There’s no limit on the size of enterprises that use Linux as the core of their IT systems. That means the amount of inventory and assets to be managed can sometimes be huge. Although within the IT environment the capacity for storing and managing information is virtually limitless, making the link with the real world is another matter. So what if your computers say you have X of this item here and Y of the other there? If someone used or moved them in the meantime, how will your data get updated so that you still get a true representation of what’s really out there?
Enter the barcode. By printing a unique barcode label for each item (and possibly for each storage location), and sticking that label on the item concerned, you immediately make the link between what’s in your accounting and the real world. As changes occur, you can scan your barcode labels and reconcile those changes with your systems data. Linux printing of inventory barcode labels can make your organization run more smoothly, more productively and above all more profitably. So what’s the catch, you’re asking yourself? There isn’t any – except that you still need a solution for cost-effectively and reliably printing all the barcode labels required for your inventory.
How to be (almost) all things to all people
The thing about Linux is that as well as being open source, it’s so-o-o popular. Different Linux software companies make and distribute different versions of Linux available. Although these versions use the same core operating system, they have enough differences to make it necessary to produce a specific version of software program to be able to run it on a particular Linux version – and that includes the software “drivers” that send printing information from the Linux system to printers. If the printer manufacturer cannot make such a driver available for the version of Linux you’ve chosen, then you’ll have develop your own work around – and update it to take account of new releases of your Linux system.
The solution is to choose a barcode label printer that doesn’t depend on any proprietary software driver. Luckily, there is an industry standard known as PCL5 – it’s the printer control language invented by Hewlett-Packard to control the LaserJet printer, and it’s available for a vast range of different operating systems. IntelliBar printers from IntelliTech employ PCL5 for that very reason. Suddenly, the barcode label printer installation and maintenance becomes an awful lot easier. However, IntelliBar printers also do a bunch of other things to make Linux inventory barcode label printing a snap.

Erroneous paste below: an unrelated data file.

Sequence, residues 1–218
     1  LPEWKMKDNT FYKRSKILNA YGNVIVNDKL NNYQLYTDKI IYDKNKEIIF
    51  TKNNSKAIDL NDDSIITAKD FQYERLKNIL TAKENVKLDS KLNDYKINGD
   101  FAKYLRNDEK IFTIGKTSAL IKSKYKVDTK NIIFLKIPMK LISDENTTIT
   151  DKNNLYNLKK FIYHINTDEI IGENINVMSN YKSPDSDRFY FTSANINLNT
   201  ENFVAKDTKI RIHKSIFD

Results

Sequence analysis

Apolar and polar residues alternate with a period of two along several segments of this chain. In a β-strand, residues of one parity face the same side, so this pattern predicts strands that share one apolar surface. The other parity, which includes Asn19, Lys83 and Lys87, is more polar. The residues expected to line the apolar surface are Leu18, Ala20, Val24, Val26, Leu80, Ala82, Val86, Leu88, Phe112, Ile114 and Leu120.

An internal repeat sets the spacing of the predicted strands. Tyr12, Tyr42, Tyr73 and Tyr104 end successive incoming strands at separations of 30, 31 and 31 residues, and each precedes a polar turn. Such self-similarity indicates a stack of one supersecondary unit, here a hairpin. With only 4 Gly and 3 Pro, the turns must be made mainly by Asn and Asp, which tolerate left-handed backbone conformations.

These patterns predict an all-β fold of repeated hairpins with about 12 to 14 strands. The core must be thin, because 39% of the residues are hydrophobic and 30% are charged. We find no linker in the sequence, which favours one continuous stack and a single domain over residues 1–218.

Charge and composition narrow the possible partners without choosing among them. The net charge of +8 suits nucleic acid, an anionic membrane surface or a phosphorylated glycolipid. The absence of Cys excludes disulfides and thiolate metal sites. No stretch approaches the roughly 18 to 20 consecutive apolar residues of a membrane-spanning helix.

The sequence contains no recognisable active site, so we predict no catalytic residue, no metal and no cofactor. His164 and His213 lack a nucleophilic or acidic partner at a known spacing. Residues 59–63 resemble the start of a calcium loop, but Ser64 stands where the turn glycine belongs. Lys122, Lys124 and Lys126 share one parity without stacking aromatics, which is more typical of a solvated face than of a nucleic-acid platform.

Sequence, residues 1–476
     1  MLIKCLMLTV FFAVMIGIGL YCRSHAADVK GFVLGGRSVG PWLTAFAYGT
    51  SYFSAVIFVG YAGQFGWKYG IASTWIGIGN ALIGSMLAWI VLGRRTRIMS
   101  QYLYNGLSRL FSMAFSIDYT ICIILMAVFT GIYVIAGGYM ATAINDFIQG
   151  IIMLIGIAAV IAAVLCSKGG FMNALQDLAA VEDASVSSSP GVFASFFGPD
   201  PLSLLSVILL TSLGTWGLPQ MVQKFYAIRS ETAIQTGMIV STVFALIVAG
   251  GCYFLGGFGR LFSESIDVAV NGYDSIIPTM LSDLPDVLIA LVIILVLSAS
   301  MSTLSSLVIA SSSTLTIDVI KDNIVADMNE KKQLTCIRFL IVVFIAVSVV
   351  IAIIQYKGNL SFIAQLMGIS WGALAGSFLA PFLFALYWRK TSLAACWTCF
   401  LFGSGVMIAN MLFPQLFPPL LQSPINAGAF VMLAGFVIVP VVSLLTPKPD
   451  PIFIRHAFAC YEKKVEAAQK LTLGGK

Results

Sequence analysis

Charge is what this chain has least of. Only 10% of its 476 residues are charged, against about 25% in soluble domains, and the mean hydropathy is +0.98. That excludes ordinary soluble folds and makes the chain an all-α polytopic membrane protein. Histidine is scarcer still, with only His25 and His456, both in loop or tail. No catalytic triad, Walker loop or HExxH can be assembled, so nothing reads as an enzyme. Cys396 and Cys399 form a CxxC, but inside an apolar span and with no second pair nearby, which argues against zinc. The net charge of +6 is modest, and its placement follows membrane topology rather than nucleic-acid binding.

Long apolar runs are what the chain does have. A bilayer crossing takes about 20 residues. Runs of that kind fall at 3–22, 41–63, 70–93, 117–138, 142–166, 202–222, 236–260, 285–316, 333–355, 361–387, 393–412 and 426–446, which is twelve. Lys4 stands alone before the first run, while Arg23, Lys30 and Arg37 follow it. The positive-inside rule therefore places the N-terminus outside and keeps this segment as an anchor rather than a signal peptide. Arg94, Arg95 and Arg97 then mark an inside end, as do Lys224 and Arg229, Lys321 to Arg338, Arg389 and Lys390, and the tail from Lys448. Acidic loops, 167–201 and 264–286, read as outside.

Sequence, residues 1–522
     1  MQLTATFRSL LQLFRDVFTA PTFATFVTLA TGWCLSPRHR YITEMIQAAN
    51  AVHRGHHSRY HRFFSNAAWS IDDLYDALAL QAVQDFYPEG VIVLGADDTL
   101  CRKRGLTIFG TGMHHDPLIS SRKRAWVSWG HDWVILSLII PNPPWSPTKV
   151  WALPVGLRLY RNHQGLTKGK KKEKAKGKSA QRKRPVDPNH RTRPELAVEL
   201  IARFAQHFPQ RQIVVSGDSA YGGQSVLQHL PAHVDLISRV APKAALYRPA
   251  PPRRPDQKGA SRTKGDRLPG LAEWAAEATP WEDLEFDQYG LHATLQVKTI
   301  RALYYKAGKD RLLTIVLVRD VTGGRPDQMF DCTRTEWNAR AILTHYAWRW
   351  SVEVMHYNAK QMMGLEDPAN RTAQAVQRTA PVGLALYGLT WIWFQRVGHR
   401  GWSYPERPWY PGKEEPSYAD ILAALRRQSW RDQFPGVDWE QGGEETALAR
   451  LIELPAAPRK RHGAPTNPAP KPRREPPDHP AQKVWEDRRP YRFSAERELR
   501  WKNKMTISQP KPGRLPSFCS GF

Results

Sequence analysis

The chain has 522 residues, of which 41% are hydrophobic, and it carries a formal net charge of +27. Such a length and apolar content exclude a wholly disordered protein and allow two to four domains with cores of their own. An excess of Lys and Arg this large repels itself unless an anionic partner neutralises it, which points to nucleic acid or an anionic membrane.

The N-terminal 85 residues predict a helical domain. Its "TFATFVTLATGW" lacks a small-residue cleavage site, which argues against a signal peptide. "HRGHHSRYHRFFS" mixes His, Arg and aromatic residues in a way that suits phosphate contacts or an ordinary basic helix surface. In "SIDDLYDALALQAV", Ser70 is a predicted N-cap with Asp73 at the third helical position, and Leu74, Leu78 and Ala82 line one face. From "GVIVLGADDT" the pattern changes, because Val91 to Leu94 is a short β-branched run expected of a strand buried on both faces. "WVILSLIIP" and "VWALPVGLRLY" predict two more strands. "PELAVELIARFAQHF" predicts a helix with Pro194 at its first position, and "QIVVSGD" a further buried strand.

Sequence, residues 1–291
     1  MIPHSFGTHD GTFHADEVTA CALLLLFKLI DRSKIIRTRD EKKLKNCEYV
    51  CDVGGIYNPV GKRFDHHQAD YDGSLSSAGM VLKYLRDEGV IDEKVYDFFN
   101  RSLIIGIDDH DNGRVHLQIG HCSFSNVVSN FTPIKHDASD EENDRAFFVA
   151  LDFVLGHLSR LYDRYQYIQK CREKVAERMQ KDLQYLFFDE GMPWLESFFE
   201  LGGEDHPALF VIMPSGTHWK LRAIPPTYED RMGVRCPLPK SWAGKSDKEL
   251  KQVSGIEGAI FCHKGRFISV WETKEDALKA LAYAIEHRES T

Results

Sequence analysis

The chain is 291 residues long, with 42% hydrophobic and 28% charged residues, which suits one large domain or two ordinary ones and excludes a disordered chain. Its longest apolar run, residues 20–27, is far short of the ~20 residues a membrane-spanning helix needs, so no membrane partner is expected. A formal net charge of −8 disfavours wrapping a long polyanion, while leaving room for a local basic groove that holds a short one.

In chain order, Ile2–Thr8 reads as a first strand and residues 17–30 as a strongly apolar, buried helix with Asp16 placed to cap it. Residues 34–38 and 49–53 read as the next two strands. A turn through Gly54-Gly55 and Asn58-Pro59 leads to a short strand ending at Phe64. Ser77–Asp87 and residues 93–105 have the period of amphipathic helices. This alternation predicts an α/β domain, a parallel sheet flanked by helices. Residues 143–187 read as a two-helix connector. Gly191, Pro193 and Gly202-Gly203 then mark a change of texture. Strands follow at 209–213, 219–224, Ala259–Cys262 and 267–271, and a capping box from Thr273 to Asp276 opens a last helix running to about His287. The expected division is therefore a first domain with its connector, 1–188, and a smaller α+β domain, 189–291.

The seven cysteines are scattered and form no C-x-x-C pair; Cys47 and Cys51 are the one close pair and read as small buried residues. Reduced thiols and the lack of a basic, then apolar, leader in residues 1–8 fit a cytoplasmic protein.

Print, stick, scan, done
Depending on what you want to stick barcode labels on, you’ll need different kinds of barcode labels. Perhaps you’ll also need to deal with different dimensions and adhesive characteristics. You’ll surely want excellent print quality and barcode labels that resist wear and tear, so that you can scan them whenever you want without having to worry about prints fading or print quality degrading. And, especially if your organization is big, you’ll want barcode label printers that can print reliably and fast, day in and day out. Guess what? You’ve just described yet more of the key features of the IntelliBar printer range.
In short, IntelliBar printers will be the barcode label printers you can rely on for effective Linux inventory label printing. You’ll also be able to count on them for a long time to come, because they’re both robust and future-proofed – from the industry standard printer command language to the advanced thermal transfer printing technology that lets you print more, faster, with longer print head life and lower maintenance costs. In short, IntelliBar printers are the solution of choice in terms of Linux version, barcode label size, type of adhesive, archiveability, and features, and for knowing that not only there is a place for everything in your organization, but that everything is also in its place.
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